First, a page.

It’s time to stop being afraid of fat in our diet. Every five years, the US Departments of Agriculture (USDA) and Health and Human Services (HHS) convene a 15-member panel to update the nation’s dietary guidelines.
The panel’s mission is to identify foods and beverages that help you achieve and maintain a healthy weight, promote health, and prevent disease. In addition to guiding the public at large, the guidelines significantly influence nutrition policies such as school lunch programs and feeding programs for the elderly.
The Dietary Guidelines Advisory Committee (DGAC) scientific report is an integral part of this process, as it serves as the foundation for the development of the dietary guidelines.
The latest advisory report reverses nearly four decades of nutrition policy.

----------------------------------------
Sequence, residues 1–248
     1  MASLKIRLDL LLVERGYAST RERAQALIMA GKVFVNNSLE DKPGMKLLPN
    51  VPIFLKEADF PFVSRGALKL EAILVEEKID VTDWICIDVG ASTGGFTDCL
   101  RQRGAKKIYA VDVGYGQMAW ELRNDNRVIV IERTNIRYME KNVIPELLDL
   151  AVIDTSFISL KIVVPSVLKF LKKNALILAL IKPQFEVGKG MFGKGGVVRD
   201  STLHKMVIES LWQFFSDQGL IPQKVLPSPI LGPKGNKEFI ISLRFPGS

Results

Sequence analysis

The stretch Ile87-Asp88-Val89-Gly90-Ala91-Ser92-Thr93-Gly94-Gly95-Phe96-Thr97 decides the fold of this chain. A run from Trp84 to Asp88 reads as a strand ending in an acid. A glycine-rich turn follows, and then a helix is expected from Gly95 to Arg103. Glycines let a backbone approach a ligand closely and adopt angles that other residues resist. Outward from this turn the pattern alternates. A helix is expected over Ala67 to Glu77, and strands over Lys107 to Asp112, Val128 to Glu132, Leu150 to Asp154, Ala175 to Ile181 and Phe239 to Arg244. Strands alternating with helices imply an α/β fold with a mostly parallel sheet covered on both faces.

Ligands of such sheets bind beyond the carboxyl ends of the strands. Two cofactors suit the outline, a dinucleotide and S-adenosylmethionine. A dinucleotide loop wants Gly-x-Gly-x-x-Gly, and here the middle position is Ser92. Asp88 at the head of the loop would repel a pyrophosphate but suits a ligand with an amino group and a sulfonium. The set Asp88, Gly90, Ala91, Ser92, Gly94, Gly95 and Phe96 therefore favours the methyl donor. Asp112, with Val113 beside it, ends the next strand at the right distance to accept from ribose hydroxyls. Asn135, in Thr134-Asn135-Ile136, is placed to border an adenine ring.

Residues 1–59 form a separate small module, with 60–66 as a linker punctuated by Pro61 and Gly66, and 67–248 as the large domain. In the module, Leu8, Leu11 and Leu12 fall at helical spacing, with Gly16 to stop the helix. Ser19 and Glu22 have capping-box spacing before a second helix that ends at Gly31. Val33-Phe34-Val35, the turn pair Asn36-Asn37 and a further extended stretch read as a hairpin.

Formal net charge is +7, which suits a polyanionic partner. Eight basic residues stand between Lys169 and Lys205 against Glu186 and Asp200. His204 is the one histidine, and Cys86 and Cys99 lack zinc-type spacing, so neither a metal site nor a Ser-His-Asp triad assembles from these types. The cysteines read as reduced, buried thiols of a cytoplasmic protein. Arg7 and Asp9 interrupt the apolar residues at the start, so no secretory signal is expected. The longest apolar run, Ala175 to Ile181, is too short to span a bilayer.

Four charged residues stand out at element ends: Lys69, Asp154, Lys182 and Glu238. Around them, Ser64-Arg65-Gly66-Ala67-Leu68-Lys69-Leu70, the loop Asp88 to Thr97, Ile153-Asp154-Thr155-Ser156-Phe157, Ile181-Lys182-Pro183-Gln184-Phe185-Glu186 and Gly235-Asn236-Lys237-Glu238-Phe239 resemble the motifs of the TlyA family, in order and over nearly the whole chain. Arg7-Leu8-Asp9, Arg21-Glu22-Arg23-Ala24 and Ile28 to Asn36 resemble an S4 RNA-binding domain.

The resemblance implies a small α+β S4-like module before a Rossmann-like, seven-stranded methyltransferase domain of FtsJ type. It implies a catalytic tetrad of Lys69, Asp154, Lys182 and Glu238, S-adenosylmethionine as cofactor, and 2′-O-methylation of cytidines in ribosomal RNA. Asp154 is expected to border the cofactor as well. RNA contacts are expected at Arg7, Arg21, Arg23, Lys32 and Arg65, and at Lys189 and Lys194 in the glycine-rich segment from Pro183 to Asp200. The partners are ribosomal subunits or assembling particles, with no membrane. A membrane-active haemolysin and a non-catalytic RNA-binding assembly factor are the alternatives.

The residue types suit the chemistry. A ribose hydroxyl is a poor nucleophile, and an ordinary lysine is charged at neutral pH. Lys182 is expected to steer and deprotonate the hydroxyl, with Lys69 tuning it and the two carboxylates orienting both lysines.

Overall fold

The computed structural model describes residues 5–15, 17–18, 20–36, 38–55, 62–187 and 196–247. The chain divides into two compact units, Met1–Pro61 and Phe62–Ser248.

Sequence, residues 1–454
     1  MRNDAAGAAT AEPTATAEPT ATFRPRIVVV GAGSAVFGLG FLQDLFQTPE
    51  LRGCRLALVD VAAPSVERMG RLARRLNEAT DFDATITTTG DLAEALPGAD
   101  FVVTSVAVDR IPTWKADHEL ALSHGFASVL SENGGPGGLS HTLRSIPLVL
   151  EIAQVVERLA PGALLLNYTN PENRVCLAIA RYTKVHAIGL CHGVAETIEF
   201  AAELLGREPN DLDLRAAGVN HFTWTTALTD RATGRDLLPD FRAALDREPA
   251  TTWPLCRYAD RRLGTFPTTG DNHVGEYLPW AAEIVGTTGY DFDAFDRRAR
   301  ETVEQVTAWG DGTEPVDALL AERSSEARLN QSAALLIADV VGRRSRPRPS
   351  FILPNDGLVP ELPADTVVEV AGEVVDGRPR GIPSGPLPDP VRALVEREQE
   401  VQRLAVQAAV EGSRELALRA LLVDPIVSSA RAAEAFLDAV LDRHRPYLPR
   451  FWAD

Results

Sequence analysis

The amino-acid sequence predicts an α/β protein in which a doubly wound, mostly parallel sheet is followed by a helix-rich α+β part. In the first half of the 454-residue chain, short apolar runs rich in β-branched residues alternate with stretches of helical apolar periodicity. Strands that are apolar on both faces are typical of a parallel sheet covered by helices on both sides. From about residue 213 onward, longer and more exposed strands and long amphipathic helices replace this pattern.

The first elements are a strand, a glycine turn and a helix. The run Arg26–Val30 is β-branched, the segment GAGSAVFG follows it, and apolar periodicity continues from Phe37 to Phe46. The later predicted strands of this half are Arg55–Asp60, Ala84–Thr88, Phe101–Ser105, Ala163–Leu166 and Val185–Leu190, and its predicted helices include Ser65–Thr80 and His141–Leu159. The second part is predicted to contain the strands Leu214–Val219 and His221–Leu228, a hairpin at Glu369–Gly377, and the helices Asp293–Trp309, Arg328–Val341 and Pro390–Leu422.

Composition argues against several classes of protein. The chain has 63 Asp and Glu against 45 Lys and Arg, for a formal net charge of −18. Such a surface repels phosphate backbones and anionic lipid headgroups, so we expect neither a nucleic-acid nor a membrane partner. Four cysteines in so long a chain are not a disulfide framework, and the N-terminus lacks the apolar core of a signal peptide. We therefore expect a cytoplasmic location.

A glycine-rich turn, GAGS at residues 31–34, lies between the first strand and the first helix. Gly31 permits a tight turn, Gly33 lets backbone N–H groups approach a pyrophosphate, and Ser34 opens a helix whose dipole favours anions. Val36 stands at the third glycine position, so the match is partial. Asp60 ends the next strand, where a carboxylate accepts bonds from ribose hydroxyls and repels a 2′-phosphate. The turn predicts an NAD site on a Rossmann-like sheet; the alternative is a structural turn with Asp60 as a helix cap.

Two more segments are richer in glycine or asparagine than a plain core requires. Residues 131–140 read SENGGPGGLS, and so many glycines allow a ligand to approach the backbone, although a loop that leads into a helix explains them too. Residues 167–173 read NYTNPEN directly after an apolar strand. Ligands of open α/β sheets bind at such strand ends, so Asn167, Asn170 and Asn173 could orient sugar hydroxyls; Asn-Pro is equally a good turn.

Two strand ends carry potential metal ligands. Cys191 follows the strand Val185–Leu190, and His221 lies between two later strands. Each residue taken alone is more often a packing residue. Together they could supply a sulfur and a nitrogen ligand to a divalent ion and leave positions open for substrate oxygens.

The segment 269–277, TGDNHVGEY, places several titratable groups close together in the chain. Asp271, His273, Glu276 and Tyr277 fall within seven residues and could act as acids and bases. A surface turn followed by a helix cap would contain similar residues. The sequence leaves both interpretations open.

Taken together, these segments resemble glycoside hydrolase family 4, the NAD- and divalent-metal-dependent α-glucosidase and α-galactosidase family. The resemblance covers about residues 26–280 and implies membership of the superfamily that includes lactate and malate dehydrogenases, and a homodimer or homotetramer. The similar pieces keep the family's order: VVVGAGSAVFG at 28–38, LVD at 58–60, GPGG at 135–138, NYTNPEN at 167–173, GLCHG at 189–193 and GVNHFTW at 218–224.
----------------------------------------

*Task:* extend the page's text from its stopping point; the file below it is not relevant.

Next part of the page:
With regards to cholesterol, the panel concluded it “is not a nutrient of concern for overconsumption,” noting the absence of a link between dietary cholesterol and heart disease.
Similarly, the report recognizes that reducing total fat intake has no bearing on heart disease risk either. Nor does it reduce your risk of obesity. Instead, mounting research shows that sugar and refined grains are in fact the primary culprits.
Research has consistently demonstrated that low-fat diets do not prevent heart disease. On the contrary, the low-fat craze has undoubtedly done more harm than good, as your body needs healthy fat for optimal function.
The DGAC makes no firm distinction between healthy saturated fats and decidedly unhealthy trans fats.
Still, if the DGAC’s conclusions on total dietary fat consumption make it into the HHS and USDA’s final 2015 Dietary Guidelines for Americans, which will be published later this year, it will certainly be a positive step.